Moorcock discussion

 

Hi Erwin,

long time, no hear. The fault is mine. I've logged on to your page a few times, and even on a couple of occasions written to your letter-box. This time, I'm going to be a bit more lengthy, if you'll forgive me. The occasion, as you might already have guessed, is that somebody wrote to you about Michael Moorcock. I promise that it was on none of my deliberate inspiration whatsoever.

For the uninitianated and unincredibly uninformed, I'll just mention that I published, edited, and in the greater part wrote, a fanzine in the 1980's, called "Forum Fabulatorum". It certainly had it flaws; it had more than worth mentioning here.

For "Forum Fabulatorum", I deliberately chose two authors to be a sort of flagpoles for my vessel. One home-grown, and one foreign. To my great surprise, both of them turned out to be almost over-generous persons, and let me do almost all that I liked with their writings, so long as I didn't go behind their backs. I never did; why should I when I could I could do with their writings as I pleased with their blessing, if I only cleared it with them?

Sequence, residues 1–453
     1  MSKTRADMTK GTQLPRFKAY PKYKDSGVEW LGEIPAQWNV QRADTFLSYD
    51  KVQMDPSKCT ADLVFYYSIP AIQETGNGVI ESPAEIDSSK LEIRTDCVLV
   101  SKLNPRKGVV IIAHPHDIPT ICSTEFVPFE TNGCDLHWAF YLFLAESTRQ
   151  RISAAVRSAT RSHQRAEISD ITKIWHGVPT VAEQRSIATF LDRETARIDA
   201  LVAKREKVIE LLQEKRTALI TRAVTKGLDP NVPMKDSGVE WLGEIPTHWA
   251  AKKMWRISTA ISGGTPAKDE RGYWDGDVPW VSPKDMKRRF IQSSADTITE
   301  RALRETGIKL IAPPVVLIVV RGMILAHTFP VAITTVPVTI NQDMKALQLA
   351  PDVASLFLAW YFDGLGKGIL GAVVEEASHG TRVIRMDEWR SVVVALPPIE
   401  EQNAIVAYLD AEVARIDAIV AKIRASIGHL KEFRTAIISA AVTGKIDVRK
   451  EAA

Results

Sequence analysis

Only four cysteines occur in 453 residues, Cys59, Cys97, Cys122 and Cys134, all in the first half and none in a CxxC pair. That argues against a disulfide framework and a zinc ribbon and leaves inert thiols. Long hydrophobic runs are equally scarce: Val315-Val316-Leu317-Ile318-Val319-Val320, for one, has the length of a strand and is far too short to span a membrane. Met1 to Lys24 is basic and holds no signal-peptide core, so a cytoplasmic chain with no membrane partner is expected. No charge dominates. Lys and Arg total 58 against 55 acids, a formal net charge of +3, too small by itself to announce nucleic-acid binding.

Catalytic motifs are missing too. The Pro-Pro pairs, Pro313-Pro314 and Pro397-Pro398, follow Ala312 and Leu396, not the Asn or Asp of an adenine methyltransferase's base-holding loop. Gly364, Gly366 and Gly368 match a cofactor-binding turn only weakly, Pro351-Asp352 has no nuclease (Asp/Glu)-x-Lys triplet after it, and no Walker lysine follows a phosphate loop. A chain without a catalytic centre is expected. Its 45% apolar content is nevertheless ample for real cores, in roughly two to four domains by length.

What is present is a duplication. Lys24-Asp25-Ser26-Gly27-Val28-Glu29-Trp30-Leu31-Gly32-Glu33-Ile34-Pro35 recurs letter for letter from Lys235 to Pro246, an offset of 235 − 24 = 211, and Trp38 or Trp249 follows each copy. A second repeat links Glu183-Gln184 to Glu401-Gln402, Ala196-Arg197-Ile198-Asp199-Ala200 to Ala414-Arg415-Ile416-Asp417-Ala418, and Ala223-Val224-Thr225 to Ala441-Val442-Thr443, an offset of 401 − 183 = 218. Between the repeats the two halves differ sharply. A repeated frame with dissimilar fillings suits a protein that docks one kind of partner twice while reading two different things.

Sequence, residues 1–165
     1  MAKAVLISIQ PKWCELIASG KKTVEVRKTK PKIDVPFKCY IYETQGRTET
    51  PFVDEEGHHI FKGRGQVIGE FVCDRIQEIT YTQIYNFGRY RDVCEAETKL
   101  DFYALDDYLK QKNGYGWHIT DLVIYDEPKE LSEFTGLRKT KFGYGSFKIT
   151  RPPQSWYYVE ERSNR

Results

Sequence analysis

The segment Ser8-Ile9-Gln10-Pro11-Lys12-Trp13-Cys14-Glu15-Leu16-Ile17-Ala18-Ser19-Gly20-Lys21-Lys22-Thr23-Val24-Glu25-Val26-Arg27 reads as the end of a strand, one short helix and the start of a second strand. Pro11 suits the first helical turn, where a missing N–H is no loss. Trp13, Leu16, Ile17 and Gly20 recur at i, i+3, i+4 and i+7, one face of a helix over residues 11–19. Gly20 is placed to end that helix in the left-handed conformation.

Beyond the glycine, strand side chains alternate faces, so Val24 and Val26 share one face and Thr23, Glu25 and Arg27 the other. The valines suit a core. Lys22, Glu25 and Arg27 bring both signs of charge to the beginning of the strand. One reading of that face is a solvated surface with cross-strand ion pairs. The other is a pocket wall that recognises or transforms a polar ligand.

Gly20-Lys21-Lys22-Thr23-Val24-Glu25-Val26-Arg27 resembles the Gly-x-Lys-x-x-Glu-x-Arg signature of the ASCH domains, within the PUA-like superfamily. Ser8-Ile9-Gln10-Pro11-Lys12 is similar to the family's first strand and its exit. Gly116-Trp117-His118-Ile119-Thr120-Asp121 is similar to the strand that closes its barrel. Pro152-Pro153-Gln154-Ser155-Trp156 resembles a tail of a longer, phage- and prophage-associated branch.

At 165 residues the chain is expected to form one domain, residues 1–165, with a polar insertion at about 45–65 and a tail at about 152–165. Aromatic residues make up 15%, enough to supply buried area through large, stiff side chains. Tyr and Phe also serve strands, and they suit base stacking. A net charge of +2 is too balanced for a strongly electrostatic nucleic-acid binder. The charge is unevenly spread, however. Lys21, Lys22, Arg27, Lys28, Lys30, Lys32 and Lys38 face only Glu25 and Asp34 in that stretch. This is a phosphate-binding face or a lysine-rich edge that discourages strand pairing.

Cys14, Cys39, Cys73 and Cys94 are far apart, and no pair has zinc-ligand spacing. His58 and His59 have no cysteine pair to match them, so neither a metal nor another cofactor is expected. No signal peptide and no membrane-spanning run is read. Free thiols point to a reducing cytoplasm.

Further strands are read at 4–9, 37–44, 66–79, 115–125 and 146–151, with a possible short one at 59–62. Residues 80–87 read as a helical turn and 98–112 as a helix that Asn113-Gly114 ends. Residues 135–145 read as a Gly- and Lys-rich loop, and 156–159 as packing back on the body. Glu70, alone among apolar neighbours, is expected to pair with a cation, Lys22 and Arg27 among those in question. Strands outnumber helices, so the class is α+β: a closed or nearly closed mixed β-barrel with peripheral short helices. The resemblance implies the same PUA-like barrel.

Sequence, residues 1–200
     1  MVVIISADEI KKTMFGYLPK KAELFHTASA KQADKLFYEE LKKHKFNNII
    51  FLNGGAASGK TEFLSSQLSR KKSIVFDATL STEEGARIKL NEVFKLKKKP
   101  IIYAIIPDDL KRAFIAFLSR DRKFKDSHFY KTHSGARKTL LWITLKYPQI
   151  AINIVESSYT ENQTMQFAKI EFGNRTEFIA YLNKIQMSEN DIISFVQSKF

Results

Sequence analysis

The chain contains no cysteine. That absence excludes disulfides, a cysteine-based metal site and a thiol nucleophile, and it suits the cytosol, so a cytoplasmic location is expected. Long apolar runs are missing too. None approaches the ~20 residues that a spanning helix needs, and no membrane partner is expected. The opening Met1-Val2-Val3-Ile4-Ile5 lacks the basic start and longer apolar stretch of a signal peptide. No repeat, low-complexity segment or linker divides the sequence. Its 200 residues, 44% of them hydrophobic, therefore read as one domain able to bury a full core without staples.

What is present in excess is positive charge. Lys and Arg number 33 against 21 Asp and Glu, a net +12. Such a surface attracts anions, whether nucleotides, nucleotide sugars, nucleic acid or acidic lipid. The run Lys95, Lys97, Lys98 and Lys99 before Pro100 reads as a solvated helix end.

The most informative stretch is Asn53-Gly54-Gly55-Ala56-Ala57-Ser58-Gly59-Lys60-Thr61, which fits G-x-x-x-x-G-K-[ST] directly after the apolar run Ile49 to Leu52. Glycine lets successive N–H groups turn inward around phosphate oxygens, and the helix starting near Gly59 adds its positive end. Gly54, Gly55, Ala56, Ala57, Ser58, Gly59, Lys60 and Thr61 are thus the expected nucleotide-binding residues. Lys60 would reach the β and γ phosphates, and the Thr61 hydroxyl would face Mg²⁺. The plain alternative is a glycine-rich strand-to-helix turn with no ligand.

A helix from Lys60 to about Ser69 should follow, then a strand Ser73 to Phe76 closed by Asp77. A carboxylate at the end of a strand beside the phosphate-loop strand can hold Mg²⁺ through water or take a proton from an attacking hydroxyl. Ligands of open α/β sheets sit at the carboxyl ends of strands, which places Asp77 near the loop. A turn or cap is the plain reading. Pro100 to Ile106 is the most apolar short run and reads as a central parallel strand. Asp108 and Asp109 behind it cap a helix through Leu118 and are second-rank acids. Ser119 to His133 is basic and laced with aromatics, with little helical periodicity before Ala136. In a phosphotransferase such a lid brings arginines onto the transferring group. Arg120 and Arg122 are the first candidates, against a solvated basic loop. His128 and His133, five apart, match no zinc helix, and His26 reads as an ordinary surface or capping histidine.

The home-grown author was Erwin Neutzsky-Wulff, the foreigner was Michael Moorcock. To my mind they have certain traits that unite them, and others that are in stark contrast. This certainly became evident when you looked at the men, and not at the authors. Both of them are strongly opinionated, and I suspect that that's what makes their stuff worth reading.

People are always asking, "Is this writer right?", or, "Is that writer wrong?". They act as if is they're in primary school and try to please their teachers all the time to get high grades. When some of them get to the University and past that, they still act as adolecents, trying to formulate the opinions that'll make censor and the publlic applaud.

The great tragedy of democracy and our times, is that sucking up really helps.

Moorcock and Neutzsky-Wulff have one trait in common, if none other: they don't just suck up to the current fashion.

 


 

SVAR

 

Maybe we're just not very good at it ...